Microsoft has rolled out Office 365 in 96 new global markets, bringing the software to over 246 markets worldwide in 44 languages, while also making the integration of LinkedIn with Outlook available to consumers. Also Read - Windows 11 Sun Valley teased officially with YouTube video ahead of June 24 reveal
According to a blog post by Kirk Koenigsbauer, Corporate Vice President, Office team, people even in Antarctica and the Republic of Congo can now enjoy the benefits of Office 365’s new apps and features to help organisations of all sizes accelerate digital transformation. Also Read - Windows 10 gets an expiry date: Know how long you can use it before Windows 11 is necessity
“We continued to improve the intelligent services in Office 365 with a new set of cloud-powered features designed to save you time and produce better results,” Koenigsbauer said late on Tuesday. The company revamped the translation tools available within ‘Word’ giving users power to translate sections of text, or the entire document, and review or save the result as a regular document file. Also Read - E3 2021: What is it, entire schedule, how to watch livestream for free, what to expect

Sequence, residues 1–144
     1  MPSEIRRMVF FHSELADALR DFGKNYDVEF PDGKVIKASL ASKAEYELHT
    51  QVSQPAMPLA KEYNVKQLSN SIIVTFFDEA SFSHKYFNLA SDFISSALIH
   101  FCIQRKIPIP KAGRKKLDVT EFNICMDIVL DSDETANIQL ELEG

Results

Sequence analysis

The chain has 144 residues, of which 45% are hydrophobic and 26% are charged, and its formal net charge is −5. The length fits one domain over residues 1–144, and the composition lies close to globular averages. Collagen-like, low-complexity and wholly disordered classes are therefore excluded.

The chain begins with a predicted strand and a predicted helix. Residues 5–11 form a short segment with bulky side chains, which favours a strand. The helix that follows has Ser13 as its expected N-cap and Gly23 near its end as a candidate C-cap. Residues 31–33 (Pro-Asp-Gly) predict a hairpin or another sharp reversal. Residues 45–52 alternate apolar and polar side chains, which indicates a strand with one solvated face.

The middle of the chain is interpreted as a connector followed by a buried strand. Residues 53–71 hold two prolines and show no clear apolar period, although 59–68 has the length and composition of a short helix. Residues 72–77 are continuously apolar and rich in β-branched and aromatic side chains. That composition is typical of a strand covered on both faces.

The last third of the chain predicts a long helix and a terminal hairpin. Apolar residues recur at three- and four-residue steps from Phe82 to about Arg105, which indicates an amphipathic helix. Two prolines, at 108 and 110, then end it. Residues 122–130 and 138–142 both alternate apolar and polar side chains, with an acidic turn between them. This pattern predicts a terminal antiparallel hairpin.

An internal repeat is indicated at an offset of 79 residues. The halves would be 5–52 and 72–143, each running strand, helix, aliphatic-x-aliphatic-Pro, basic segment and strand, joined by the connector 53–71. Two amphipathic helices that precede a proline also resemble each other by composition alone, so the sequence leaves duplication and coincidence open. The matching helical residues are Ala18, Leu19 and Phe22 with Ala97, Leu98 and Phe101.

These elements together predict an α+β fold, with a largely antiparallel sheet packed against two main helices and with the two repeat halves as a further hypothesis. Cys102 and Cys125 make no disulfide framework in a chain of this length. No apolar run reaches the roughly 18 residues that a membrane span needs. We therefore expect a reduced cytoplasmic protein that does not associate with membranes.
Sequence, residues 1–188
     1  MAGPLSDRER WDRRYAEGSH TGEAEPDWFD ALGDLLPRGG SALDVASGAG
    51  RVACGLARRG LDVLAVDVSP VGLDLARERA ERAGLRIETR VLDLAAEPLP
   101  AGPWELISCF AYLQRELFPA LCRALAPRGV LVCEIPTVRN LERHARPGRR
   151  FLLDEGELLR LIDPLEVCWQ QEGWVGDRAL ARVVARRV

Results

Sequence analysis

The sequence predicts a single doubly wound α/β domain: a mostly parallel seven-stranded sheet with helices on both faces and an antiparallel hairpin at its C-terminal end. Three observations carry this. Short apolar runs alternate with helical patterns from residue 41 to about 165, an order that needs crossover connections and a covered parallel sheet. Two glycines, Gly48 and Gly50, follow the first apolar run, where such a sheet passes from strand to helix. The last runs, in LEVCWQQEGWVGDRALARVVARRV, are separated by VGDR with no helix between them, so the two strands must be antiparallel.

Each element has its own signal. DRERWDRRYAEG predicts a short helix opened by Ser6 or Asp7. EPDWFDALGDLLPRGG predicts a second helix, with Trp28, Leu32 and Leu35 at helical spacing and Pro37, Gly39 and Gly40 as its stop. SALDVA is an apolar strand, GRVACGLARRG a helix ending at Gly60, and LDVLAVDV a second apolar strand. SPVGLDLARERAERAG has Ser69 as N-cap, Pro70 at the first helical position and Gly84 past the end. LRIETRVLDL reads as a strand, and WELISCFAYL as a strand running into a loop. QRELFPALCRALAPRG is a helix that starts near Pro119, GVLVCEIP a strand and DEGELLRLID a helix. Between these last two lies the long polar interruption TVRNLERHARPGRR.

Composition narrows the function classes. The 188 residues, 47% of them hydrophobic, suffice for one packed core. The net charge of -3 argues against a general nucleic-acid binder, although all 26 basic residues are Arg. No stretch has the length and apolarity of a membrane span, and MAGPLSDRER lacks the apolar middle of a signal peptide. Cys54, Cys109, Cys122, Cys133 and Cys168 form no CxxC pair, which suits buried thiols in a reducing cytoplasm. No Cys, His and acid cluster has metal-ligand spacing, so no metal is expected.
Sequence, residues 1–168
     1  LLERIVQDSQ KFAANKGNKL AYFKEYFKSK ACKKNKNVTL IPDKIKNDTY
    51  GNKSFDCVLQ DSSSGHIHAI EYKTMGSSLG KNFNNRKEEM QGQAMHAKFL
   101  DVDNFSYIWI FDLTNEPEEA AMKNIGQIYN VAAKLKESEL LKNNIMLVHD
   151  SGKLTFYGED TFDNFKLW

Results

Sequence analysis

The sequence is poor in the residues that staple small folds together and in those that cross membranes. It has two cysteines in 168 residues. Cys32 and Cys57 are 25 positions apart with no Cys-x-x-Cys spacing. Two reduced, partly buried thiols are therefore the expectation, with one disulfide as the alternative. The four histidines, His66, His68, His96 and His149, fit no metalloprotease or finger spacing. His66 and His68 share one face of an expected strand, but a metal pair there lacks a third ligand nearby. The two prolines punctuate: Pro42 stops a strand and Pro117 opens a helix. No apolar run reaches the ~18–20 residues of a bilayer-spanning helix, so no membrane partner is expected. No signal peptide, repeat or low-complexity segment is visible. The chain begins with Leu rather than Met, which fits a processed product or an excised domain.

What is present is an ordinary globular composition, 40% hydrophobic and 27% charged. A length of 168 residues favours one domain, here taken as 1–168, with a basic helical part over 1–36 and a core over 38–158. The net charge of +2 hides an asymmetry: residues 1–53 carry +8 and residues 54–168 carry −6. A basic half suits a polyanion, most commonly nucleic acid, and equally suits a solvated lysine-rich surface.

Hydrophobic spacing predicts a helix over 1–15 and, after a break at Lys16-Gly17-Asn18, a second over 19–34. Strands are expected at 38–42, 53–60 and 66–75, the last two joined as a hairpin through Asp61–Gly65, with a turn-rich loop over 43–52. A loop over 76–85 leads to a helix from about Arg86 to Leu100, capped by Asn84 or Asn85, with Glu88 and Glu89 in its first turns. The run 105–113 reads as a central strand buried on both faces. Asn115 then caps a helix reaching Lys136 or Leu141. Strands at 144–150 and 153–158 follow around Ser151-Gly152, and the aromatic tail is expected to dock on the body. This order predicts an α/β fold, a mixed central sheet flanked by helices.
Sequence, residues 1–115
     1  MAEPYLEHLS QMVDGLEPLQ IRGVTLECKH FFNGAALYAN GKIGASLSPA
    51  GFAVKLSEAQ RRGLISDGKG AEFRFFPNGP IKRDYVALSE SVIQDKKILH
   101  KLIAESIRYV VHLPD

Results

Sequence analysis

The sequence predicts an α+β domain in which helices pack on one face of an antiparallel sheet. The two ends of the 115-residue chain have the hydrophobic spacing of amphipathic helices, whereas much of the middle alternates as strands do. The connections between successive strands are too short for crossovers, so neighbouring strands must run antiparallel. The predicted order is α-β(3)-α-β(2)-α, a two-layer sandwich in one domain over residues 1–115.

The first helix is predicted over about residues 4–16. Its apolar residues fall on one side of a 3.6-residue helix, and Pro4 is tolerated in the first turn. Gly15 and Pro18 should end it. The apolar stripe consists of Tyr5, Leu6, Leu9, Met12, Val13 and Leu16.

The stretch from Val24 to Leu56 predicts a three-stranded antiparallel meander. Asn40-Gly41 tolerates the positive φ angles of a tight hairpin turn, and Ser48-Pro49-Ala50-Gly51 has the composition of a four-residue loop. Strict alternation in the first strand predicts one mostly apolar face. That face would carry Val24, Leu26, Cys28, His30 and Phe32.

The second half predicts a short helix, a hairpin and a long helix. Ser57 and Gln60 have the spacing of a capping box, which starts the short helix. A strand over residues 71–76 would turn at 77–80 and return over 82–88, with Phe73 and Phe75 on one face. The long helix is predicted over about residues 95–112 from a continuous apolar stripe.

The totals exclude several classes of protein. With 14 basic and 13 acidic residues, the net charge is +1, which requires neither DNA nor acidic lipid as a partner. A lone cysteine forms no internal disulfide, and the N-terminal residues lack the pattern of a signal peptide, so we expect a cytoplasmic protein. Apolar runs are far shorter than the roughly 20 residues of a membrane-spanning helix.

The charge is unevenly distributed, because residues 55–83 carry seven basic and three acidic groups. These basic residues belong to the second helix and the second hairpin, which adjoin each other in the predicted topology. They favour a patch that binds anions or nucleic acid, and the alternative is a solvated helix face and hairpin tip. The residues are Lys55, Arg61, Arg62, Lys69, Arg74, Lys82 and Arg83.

‘Translator’ supports 60 languages, including 11 that use neural machine translation. Microsoft made it easier to access the information needed while working in ‘Word’, ‘Excel’ and ‘PowerPoint’. Office 365 commercial subscribers can now search across their organisation, share current files with colleagues and preview and re-use slides, graphs and tables from previous documents with support for people and document search in “Tell Me”.
Word on iPad now supports ‘Immersive Reader’ and ‘Read Aloud’, new mobile tools that enable content to be viewed in optimised ways. Apart from other Cloud enhancements that make file management easier via OneDrive and SharePoint, Microsoft also expanded its online toolkit.
Meanwhile, the company also announced that LinkedIn integration within Outlook.com is now live, allowing email users to view insights, profile pictures, work history and more from within their inbox. Microsoft CEO Satya Nadella had previewed the integration of LinkedIn profiles in Outlook.com at the company’s annual conference for developers and IT professionals “Ignite” in September. In June last year, Microsoft announced that it is acquiring LinkedIn for $26.2 billion in cash.